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g=9.764m/s2
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Odd these questions for the Marlin have been extremely common in the past few weeks... consensus is a 7 speed rear has a FreeWheel instead of a FreeHub which means you’ll need to replace the rear hub or full wheel first, then cassette, crankset, chainring, derailleur, shifter, chain... likely more than you paid for the bike so shop the sales and close outs.
 

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g=9.764m/s2
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I am pretty sure all of your questions have been answered in this thread:
https://forums.mtbr.com/29er-compon...ost-upgrade-my-drive-chain-brake-1102072.html

short answer: you need a new
cassette
chain
crankset
bottom bracket (might come with the cranks)
derailer
shifter
chainring (might come with the crankset)

chances are that it's not financially worthwhile to replace all that. that bike was cheap for a reason.

what sucks about the factory gearing? it probably has more of a range than most 1x setups, but with crap shifting.
 

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true guess I should just upgrade on it, any ideas on maybe some improvent in the gearing if I don't go that route?
Yes, refer to the thread I linked above.

Be specific- what don't you like about the "gearing"?

When you say "upgrade it," what is it? The drivetrain or the whole bike? Like I said, if you want to change anything on the drivetrain, you have to replace everything because it works as a system. That was explained in detail in the thread I linked above as well.
 

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According to Trek's archive, that's a cassette and not a freewheel. If that's the case, you don't need a new rear wheel, but everything else applies.

You need a shifter, derailer, cassette, chain, and crankset with the appropriate bottom bracket, a single chainring.

The shifter, cassette, chain, and derailer all have to be designed to work together.

The crankset looks like the three rings are all riveted together, so you need a new crankset, a bottom bracket to match the crankset, and a single chain ring that fits the cranks.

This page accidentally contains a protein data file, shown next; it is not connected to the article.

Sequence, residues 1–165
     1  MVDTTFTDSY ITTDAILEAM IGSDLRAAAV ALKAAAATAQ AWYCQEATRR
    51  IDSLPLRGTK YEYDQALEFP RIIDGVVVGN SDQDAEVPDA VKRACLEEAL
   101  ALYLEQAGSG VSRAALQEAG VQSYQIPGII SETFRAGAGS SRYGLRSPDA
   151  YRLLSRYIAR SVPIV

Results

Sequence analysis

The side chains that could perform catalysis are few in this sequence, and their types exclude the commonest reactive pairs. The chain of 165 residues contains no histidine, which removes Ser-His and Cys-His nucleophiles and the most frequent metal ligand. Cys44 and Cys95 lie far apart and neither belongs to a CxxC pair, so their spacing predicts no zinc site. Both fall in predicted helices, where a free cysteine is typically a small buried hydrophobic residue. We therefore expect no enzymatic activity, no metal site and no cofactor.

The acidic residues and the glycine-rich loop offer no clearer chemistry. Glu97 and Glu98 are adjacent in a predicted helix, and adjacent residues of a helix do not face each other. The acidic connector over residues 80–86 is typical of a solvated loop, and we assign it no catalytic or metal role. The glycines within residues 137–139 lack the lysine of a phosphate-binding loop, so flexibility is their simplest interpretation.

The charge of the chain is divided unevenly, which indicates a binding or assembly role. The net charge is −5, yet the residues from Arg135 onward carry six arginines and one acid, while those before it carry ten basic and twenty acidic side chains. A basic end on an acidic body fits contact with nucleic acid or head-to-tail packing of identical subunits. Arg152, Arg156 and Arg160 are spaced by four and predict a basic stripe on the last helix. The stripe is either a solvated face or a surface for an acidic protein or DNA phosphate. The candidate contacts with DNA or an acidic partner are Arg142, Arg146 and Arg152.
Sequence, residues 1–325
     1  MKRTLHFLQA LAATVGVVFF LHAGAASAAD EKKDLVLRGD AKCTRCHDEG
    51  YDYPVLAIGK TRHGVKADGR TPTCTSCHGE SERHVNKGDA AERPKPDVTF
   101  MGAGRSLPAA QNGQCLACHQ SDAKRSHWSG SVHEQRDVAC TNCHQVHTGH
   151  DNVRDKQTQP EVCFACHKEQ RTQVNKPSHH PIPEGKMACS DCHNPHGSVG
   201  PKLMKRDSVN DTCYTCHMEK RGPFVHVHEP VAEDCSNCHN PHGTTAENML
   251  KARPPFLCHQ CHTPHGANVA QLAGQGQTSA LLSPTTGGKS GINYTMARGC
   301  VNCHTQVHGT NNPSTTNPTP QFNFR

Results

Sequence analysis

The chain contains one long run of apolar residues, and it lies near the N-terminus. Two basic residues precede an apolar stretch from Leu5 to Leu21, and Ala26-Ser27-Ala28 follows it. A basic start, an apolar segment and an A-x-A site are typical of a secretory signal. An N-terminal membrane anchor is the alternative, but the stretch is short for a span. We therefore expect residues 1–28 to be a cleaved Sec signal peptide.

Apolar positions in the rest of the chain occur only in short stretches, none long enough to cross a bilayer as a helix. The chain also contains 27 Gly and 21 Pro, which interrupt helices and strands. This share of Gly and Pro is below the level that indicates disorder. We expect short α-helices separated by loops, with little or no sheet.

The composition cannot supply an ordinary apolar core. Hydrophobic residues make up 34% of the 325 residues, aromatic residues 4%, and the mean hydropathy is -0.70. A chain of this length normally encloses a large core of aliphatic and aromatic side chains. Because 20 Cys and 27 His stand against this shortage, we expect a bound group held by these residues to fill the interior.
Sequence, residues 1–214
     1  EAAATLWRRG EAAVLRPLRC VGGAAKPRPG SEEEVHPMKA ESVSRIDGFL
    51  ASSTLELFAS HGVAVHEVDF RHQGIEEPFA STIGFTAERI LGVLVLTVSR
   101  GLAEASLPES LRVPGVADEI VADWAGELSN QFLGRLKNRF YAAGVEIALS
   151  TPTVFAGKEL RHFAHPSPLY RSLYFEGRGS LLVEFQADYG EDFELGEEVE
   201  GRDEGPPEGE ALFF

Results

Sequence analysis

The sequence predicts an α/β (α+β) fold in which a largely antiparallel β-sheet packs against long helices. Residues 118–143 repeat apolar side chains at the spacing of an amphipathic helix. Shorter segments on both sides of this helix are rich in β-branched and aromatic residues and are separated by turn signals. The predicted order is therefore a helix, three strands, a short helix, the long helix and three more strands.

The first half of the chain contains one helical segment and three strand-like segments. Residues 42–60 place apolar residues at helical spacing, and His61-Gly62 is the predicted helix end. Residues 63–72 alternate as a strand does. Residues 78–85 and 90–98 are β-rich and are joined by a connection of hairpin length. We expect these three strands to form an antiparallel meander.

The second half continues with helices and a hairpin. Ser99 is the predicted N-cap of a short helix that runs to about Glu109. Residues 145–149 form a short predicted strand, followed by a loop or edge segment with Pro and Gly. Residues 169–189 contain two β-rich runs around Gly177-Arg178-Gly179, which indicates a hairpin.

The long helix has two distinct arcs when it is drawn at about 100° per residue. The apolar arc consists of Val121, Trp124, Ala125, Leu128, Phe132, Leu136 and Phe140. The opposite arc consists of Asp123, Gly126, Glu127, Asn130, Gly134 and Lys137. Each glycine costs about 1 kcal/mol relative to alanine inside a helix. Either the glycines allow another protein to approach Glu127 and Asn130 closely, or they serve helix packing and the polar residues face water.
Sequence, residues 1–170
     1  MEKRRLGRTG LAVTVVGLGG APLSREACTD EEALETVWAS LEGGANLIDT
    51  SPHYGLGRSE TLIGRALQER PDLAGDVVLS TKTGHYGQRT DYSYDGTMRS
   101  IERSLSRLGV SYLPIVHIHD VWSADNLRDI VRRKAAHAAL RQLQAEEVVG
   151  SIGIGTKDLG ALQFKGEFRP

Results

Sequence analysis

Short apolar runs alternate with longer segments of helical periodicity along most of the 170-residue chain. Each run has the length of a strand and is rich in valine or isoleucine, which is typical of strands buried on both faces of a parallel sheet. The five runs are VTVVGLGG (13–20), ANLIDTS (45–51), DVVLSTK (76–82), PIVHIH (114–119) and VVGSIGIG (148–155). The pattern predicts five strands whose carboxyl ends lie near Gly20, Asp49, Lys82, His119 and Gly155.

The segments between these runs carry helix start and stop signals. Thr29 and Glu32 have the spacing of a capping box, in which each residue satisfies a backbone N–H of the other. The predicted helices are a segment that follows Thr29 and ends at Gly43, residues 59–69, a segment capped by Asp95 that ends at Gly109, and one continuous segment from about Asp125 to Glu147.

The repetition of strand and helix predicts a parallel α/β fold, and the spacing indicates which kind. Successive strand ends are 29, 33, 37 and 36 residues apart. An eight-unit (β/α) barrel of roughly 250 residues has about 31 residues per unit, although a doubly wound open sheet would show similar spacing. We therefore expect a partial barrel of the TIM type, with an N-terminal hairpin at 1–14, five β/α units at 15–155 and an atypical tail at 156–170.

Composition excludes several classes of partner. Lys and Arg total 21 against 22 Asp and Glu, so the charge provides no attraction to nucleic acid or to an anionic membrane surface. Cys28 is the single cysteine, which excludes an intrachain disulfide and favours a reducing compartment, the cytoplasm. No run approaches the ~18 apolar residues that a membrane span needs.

https://archive.trekbikes.com/us/en/2016/Trek/marlin_5#/us/en/2016/Trek/marlin_5/details
 

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7spd is not up-gradable...you will need to replace the rear hub.
8spd and Above can all be upgraded to 11spd, as they share the same Shimano Freehub design.

Also, Clutch Derailleurs are only an option with 10spd and above.
Big fan of Clutch Derailleurs :)
 

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7spd is not up-gradable...you will need to replace the rear hub.
8spd and Above can all be upgraded to 11spd, as they share the same Shimano Freehub design.

Also, Clutch Derailleurs are only an option with 10spd and above.
Big fan of Clutch Derailleurs :)
Check the link I posted above. That bike seems to have a 7 speed cassette, so a 10 speed upgrade is not out of the question.
 

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Discussion Starter · #16 ·
ten four thanks buddy also asked the guys up at trek in charlotte awesome people they are working on one right now so im suppose to call him tomorrow am to see how it went they said so far that they didn't have to replace the rear wheel
 

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Check the link I posted above. That bike seems to have a 7 speed cassette, so a 10 speed upgrade is not out of the question.
This is strange, I've got a Marlin 5 (2018 Model) when I upgraded my 7 speed drive train, the 7 speed was absolutely not compatible with 8/9/10 speed cassettes, I ended up having to replace the hub as well (I actually built new wheels entirely)

The older 2016 model may be different, but it seems strange that Trek would make an older model upgradeable, then change that design on the newer models...
 

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Indeed. The HG20 listed on the Trek archive is definitely a cassette, but I wonder if the hub has a short 7-speed body. That's pretty weird. I would ask the shop to make sure a 10-speed cassette will fit, but a retro freehub would be very strange. Usually they 7-speed cassettes are too narrow and have a spacer to take up the difference.
 

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Usually they 7-speed cassettes are too narrow and have a spacer to take up the difference.
Exactly!

When I removed the cassette I expected to find such a spacer...but alas I did not...which led me down a very expensive road of learning LOL. :madman::madman:

I wouldn't do it again, but I did learn a lot about bike repair in the process. :thumbsup:
 
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